In 1973 Ronald, O'Kelly & Rudolph Isley enjoyed their biggest worldwide success since the 60's, when they decided to revamp their little known 1964 writing "Who's That Lady" ignored at the time by New York's record buying public. Near ten years later, in the California summer of 1973 they were reunited with original New York producer Bert Berns to reconstructed what they knew was a truly great song, tweaking the title to "That Lady" the Isleys & Bert achieve monster success which is now consider a Soul classic and Rolling Stones Magazine as worthy of entry into the top 500 greatest songs of all time.
So what about this frustratingly rare 1964 first take, that been received lots of Northern Soul action for near two decades, with never quite enough copies to go round to spark nationwide monster status but repeatedly filling the dancefloors and always generating questions of who, what, why every time I play it out..it has been a regular choice of play in my sets for a number of years as I always known, it's a mood changer, a conversation starter.. and familiar enough to bring people to the dancefloor..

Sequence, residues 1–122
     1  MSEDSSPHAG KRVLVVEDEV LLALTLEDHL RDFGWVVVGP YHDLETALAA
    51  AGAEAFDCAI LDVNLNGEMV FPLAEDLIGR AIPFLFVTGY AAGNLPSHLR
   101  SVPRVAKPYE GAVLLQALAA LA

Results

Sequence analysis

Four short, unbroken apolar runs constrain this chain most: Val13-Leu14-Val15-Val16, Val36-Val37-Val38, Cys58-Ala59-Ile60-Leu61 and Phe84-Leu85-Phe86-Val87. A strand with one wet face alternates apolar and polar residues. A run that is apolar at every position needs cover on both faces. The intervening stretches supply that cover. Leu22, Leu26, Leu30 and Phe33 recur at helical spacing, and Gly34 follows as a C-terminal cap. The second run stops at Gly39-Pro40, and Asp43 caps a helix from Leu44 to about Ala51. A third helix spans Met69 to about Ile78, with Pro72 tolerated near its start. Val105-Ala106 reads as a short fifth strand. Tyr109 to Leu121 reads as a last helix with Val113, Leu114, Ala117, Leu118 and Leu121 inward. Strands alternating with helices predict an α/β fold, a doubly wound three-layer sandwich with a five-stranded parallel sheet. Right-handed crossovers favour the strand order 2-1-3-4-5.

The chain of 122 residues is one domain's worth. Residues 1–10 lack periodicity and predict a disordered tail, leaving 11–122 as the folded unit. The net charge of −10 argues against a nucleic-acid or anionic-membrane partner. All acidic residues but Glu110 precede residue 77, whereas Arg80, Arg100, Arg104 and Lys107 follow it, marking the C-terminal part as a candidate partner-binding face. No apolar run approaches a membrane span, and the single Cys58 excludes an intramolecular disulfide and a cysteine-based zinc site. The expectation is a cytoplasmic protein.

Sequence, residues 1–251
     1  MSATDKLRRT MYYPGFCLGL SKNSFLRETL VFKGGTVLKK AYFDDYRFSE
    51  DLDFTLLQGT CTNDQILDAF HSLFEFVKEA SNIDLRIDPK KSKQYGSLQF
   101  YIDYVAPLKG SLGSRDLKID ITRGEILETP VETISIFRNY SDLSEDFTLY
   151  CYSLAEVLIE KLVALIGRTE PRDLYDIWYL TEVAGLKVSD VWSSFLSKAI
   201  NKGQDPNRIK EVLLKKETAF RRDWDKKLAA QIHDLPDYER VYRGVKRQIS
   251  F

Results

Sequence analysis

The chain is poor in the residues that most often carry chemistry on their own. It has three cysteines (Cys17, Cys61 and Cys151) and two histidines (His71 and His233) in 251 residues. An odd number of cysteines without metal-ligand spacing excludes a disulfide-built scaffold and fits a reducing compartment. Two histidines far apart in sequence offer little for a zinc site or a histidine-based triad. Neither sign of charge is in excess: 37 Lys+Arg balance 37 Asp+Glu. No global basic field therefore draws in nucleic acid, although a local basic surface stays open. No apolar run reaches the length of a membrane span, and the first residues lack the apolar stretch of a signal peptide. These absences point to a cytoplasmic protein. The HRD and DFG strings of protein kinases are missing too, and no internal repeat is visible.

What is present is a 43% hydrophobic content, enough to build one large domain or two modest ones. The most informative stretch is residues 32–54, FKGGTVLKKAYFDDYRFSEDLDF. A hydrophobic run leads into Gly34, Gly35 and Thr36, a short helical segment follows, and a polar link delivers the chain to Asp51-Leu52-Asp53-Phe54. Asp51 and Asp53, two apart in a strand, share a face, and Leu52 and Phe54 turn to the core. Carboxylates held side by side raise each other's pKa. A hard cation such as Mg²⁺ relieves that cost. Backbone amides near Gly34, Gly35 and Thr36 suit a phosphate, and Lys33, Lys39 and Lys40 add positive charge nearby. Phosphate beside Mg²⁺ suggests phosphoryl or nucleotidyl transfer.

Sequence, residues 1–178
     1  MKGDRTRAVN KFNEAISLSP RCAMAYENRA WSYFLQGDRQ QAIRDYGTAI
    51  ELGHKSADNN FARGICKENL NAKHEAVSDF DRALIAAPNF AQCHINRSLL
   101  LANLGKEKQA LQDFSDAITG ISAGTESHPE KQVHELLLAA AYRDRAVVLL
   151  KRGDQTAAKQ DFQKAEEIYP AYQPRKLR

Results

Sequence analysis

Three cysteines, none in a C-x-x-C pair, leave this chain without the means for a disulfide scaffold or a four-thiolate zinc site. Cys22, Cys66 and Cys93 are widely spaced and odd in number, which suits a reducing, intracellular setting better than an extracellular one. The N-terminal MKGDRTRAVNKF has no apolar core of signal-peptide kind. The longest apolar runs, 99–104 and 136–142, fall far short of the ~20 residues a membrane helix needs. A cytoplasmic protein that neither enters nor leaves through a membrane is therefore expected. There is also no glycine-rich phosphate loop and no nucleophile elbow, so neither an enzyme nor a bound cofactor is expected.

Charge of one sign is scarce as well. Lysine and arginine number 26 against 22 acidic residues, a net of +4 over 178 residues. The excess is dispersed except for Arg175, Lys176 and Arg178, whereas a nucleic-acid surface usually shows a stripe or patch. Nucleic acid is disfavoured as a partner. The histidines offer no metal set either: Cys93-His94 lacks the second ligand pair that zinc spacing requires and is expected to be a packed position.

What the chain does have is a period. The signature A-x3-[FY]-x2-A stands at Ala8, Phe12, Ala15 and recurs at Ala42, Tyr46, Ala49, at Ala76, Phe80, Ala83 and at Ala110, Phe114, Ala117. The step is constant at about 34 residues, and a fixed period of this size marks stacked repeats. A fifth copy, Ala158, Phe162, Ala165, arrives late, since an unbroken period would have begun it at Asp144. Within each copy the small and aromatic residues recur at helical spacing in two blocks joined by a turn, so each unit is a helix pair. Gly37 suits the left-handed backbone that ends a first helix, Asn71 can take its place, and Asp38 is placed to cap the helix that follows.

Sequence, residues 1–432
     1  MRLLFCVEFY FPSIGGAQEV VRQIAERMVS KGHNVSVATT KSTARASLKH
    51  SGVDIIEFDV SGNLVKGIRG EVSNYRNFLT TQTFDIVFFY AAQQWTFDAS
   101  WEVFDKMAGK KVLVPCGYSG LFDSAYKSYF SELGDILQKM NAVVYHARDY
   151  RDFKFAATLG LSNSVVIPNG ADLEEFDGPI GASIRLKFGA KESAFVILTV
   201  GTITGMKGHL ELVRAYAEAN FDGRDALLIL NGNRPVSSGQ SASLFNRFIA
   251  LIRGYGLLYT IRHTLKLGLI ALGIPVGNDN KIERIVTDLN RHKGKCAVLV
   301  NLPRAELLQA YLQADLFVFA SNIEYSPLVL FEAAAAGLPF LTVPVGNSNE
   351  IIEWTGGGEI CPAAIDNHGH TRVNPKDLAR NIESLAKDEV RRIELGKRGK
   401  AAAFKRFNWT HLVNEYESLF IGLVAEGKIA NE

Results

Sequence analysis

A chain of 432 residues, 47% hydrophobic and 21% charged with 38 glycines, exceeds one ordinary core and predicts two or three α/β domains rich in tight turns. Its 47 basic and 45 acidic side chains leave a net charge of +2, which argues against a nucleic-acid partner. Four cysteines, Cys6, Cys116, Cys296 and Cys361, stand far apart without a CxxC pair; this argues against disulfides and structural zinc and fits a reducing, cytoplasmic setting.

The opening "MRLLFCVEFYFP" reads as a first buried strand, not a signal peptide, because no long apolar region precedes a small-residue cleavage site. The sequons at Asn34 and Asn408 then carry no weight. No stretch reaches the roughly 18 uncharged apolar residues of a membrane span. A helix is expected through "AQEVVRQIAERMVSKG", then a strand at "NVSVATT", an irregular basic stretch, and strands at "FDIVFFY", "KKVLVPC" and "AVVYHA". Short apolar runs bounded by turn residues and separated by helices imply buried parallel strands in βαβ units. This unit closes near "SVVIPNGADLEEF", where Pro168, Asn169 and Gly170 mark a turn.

Infectious New York Latin rhythms, a gently whirling Hammond intro, bongos and additive guitar picks.. the typically slick Isley harmonies, with the inquisitive lead vocal painting a picture of "one sexy lady" they need to meet; Then the two horm breaks elevate the song yet again into very special Bert Berns collaboration that was an unanticipated flop back in 1964..
No wonder they decided to revamp for the pre-disco market in 1973... I still much prefer this rare take it has style and the power to command a full dancefloor.
Both labels have very light storage rub, the the black background; but free of stains, tears, stickers or writing. The vinyl surfaces only reveal some light hairlines to the eye when angled in the light. Full gloss finish, mild surface hairline, play back is bright, clean & clear (check out the impression soundfile)